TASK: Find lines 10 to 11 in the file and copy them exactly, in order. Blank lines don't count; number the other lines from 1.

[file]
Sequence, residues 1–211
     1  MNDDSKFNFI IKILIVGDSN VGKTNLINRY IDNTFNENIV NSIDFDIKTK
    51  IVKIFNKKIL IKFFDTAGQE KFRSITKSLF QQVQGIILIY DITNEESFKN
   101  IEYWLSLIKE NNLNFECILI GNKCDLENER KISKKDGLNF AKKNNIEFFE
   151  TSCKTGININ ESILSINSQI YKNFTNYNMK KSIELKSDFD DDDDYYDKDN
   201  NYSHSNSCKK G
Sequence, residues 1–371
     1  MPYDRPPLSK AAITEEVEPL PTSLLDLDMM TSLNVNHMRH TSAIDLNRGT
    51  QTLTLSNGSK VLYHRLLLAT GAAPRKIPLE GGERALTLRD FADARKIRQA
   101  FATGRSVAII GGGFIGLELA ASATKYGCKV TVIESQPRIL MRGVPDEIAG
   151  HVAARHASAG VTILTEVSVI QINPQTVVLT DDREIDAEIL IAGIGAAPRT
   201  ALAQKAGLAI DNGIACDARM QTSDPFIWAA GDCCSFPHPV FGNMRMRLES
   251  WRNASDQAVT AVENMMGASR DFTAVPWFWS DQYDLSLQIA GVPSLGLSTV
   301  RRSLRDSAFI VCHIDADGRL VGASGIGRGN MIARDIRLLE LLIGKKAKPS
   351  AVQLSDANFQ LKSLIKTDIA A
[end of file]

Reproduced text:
   101  FATGRSVAII GGGFIGLELA ASATKYGCKV TVIESQPRIL MRGVPDEIAG
   151  HVAARHASAG VTILTEVSVI QINPQTVVLT DDREIDAEIL IAGIGAAPRT